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Israeli Barber Fights Anti-Semitism With Invisible, 'Magic' Yarmulkes

( [email protected] ) Jan 28, 2015 05:40 PM EST
A barber in Israel has created a "magic" yarmulke, which allows religious Jews to observe their faith without attracting unwanted attention.
Israeli hairdresser Shalom Koresh places a skullcap made of hair samples on a man's head in the city of Rehovot, central Israel. AP

In an attempt to counter rising anti-Semitism, an Israeli barber fashioned what he calls "magic" yarmulkes out of hair, designed to allow religious Jews to observe their faith without attracting negative attention.

Shalom Koresh, whose salon is based in central Israel, told the AP that he was inspired to make the skullcap, known as a yarmulke in Yiddish and a kippa in Hebrew, due to growing animosity towards Jewish people in Europe and the Middle East.

The yarmulkes, which range anywhere from $56-91, look just like human hair and come in a variety of colors. They are also washable, brushable, dye-able, and are fastened using invisible clips. Hasidic and Orthodox Jewish men wear the headpieces as a sign of respect and reverence for God.

"It was created so people could feel comfortable going to places where they are afraid to go, or places where they can't wear it, and feel secure," Koresh explained.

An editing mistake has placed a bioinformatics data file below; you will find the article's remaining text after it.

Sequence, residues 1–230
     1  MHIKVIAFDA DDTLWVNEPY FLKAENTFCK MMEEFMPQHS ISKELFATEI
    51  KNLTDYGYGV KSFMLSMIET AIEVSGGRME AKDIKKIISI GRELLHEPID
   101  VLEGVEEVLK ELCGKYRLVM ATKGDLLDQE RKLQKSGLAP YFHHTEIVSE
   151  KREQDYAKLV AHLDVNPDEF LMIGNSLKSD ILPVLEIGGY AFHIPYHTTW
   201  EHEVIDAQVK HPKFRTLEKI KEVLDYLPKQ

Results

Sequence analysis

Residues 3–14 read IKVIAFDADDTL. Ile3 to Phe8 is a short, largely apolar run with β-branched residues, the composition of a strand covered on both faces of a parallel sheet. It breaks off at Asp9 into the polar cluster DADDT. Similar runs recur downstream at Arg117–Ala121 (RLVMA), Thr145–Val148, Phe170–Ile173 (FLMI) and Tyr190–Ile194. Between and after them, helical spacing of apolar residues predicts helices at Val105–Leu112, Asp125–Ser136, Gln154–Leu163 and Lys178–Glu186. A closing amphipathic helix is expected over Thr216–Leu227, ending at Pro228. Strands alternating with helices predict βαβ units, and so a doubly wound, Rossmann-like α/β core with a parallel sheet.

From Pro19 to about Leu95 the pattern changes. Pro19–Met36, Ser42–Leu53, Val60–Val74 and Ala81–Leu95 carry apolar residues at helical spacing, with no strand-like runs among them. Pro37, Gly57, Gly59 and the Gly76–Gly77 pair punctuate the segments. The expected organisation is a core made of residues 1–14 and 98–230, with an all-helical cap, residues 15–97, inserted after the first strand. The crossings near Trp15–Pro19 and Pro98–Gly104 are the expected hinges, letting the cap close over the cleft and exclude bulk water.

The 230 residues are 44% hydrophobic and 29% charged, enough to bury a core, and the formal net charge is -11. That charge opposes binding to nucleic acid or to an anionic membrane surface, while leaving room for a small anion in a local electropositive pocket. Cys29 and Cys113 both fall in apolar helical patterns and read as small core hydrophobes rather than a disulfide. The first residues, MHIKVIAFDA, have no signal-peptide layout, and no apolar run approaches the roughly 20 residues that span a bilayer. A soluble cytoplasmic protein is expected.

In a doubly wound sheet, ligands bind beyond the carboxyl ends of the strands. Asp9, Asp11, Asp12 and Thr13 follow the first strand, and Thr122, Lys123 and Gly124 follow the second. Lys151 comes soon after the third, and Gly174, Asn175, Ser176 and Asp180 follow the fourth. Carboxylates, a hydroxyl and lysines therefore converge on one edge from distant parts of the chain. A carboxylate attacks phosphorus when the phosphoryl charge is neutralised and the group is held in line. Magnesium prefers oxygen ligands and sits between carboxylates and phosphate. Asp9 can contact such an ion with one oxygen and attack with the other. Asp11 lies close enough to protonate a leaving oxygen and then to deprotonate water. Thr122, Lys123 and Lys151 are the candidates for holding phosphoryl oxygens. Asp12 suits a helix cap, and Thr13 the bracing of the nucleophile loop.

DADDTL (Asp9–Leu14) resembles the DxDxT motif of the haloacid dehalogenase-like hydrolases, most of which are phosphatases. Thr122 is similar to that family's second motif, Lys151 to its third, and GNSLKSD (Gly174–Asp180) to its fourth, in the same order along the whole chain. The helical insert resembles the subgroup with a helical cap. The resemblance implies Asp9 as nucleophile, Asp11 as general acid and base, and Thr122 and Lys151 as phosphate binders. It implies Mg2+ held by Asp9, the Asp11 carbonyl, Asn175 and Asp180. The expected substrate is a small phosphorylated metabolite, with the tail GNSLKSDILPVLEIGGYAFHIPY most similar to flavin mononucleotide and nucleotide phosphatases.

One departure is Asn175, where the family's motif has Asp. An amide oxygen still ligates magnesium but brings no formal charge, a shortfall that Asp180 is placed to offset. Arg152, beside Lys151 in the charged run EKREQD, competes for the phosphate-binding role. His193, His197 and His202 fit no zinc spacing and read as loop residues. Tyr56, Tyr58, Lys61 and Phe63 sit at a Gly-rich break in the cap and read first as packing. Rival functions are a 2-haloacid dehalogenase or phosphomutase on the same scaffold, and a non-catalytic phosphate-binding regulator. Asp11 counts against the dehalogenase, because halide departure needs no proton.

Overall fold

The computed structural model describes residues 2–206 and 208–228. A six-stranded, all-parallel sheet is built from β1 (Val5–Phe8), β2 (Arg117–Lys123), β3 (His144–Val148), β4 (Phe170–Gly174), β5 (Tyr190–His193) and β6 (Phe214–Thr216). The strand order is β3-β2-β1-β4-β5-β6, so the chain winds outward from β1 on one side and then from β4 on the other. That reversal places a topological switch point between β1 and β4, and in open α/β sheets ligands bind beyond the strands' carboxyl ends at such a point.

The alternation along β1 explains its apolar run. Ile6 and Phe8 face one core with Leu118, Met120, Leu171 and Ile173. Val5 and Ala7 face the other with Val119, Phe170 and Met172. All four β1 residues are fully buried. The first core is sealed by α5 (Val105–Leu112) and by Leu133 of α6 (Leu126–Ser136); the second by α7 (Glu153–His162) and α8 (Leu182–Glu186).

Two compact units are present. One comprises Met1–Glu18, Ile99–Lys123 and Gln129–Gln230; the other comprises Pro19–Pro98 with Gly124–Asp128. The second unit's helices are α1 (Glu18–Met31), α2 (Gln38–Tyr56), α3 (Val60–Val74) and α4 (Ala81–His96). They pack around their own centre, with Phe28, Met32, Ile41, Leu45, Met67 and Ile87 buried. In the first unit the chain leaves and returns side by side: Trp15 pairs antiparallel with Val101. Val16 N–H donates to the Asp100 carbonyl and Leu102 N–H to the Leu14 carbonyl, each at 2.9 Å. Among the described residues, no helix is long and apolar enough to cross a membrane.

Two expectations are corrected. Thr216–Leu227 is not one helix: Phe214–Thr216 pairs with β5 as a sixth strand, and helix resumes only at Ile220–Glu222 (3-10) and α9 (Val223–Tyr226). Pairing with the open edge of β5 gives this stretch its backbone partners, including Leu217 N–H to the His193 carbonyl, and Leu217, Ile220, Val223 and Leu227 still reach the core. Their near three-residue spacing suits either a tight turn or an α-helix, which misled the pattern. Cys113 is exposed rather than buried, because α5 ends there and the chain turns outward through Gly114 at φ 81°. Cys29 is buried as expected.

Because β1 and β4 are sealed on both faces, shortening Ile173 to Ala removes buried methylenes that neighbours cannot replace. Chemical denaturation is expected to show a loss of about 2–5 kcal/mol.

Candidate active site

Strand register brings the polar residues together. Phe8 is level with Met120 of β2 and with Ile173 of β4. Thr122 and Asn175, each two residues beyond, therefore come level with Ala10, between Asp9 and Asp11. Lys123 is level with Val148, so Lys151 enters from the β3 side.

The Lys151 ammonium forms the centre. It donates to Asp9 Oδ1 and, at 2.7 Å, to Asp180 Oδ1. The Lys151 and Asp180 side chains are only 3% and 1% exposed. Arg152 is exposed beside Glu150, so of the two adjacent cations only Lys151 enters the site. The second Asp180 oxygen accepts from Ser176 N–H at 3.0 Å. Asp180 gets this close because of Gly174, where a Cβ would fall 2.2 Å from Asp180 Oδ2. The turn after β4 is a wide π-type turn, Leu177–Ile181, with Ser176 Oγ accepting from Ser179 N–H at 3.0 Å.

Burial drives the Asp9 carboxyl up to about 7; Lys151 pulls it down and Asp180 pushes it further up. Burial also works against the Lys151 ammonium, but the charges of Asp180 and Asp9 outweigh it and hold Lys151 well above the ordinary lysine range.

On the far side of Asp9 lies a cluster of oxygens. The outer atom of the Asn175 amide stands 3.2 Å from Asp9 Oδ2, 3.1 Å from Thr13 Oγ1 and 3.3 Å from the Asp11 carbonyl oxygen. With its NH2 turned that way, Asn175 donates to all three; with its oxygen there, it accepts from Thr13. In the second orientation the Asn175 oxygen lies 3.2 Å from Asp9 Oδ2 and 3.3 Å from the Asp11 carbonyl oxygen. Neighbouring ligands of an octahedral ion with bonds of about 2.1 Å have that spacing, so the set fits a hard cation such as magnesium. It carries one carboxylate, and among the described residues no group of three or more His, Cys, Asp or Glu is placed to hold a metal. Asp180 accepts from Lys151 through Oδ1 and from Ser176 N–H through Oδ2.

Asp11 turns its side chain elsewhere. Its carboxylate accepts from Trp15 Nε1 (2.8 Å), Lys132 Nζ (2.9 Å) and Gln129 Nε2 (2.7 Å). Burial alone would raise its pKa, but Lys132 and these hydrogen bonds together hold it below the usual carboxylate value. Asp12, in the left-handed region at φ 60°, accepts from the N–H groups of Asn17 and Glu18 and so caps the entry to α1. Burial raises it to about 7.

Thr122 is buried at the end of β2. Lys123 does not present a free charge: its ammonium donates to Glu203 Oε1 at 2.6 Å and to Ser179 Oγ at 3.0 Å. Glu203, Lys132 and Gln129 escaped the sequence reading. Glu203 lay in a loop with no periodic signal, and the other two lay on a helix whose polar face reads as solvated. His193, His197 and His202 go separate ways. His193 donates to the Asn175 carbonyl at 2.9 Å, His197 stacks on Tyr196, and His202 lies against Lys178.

Jews living in France and Belgium have expressed particular interest in the headpieces, said Koresh, especially following the Islamist extremist attacks on the Charlie Hebdo satirical newspaper and a kosher supermarket in Paris, in which four Jews were left dead.

A 2013 European Union report found that one in five European Jews avoided wearing any kind of Jewish religious wear out of fear, the New York Post reported. Additionally, during a ceremony held Tuesday to remember the liberation of Auschwitz, a Nazi prison camp where over one million Jews were killed, Ronald S Lauder, president of the World Jewish Congress, said, "Jews are targeted in Europe once again because they are Jews...Once again young Jewish boys are afraid to wear yarmulkes [skullcaps] on the streets of Paris, Budapest, London and even Berlin."

Rabbi Shlomo Aviner, who teaches at a prominent Jerusalem yeshiva, told the AP that while Jewish skullcaps must be visible and not hidden according to Jewish law, under certain unforeseeable circumstances, such as a risk of attacks, the "invisible" headpieces are permissible.

"Our sages said that, for example, when we are in danger, then it's possible (to hide it)," he told the AP.

Many have lamented the fact that a "magic" yarmulke is necessary in large portions of the world, arguing that Jewish people should not have to hide their faith out of fear.

"This is very sad," read one comment under the original report from the AP. " So now people are going to change their religious head attire so they won't get killed. But that won't really help, will it? They're not being killed for what they wear on their heads".

"This hatred of Jews and the growing hostility toward Christians needs to be dealt with harshly," added another.